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How, When, and Why to Decant Wine


The majority of wine drinkers use this very simple method: open the bottle and pour a glass. It’s a pretty simply process, almost impossible to mess up. However, sometimes you’re faced with a bottle whose cork can crumbled into the wine, or has a significant amount of sediment. You also may want to aerate the wine to allow it to reach its full potential before drinking. Decanting creates a great way to solve both of these problems. Many people may find using a decanter intimidating because they don’t quite understand its purpose. We’re going to show you how simple and useful it can be.

Removing Sediment and Aerating

Sediment is a natural part of wine. It is more commonly found in older red wines as the sediment is produced as the wine ages. White wines may appear to have sediment but it most likely isn’t. If white wine has the appearance of something similar to sugar crystals in the wine it is actually precipitated acid. For more information please see our page on chilling wine here.

It may hard to tell whether or not a wine has a significant amount of sediment in it simply because red wine is hard to see through. We find it better to decant as it can only help to improve the wine with the only downside being one extra piece of glassware to clean.

Here’s the process for decanting your wine:

1. If your bottle is standing upright then great, as long as it has been sitting upright for at least one day. This will ensure that all of the sediment is resting on the bottom of the bottle. If your bottle is stored on its side and you don’t want to wait until tomorrow to drink it then no problem. You just may need a friend to hold the bottle in the same position, but slightly inclined with the neck up (so wine doesn’t spill out when you open it), to make sure that the sediment stays on the side of the bottle that it was resting on. In fancy restaurants a sommelier will use a decanting basket or cradle to keep the bottle in the correct position.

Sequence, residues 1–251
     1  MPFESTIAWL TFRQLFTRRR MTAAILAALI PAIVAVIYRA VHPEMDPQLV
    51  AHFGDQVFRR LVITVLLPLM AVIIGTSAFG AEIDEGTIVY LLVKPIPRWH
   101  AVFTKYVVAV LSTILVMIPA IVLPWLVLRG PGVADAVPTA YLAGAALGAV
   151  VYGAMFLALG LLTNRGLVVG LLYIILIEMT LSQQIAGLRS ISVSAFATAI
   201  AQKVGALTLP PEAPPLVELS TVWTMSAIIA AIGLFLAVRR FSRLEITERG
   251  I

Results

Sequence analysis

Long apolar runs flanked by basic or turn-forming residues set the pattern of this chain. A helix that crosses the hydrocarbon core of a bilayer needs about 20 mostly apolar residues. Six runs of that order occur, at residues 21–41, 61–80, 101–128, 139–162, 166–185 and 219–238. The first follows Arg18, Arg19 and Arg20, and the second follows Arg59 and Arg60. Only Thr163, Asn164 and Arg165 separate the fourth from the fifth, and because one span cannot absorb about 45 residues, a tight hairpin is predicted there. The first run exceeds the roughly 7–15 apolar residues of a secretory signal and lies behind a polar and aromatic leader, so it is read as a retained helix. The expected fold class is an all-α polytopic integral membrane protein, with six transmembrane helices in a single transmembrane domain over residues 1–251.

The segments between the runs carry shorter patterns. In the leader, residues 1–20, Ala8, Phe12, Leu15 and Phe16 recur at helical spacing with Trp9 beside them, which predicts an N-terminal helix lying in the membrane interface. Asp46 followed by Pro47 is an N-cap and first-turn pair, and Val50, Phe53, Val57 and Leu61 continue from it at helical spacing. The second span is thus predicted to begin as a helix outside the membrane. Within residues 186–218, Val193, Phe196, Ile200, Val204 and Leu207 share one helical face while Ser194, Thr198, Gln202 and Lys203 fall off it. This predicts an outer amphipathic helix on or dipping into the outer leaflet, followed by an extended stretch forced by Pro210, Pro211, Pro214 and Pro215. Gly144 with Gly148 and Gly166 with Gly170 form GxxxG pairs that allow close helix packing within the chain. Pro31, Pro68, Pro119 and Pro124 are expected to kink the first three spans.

2. Open the bottle.

3. Place some type of light under the neck of the bottle. This allows you to see the pooled sediment in the wine as you get near the end of the bottle so you know when to stop pouring.

4. Pour the wine into your decanter. As the bottle becomes more empty you should pour more slowly so you can see the sediment in the bottle without pouring it out.

5. Stop pouring the wine when it seems that the sediment will start to come out. Sometimes the wine will just look very the cloudy if the wine has been agitated. Otherwise you will see the sediment quite clearly, or a combination of the two.

6. Allow your wine to sit and aerate. The amount of time is subject to much debate so do however long seems right to you. We would recommend thirty minutes or more.

You’re all done! Enjoy your decanted wine!

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